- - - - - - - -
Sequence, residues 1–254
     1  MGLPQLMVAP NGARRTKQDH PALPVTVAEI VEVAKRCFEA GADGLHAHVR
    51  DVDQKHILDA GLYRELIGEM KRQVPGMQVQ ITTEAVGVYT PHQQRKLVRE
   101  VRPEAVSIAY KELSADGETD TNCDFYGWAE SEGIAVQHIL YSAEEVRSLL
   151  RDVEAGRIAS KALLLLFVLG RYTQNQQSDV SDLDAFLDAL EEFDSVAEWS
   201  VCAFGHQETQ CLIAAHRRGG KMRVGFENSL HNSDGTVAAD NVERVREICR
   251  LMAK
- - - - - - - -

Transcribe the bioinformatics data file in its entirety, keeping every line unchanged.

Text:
Sequence, residues 1–254
     1  MGLPQLMVAP NGARRTKQDH PALPVTVAEI VEVAKRCFEA GADGLHAHVR
    51  DVDQKHILDA GLYRELIGEM KRQVPGMQVQ ITTEAVGVYT PHQQRKLVRE
   101  VRPEAVSIAY KELSADGETD TNCDFYGWAE SEGIAVQHIL YSAEEVRSLL
   151  RDVEAGRIAS KALLLLFVLG RYTQNQQSDV SDLDAFLDAL EEFDSVAEWS
   201  VCAFGHQETQ CLIAAHRRGG KMRVGFENSL HNSDGTVAAD NVERVREICR
   251  LMAK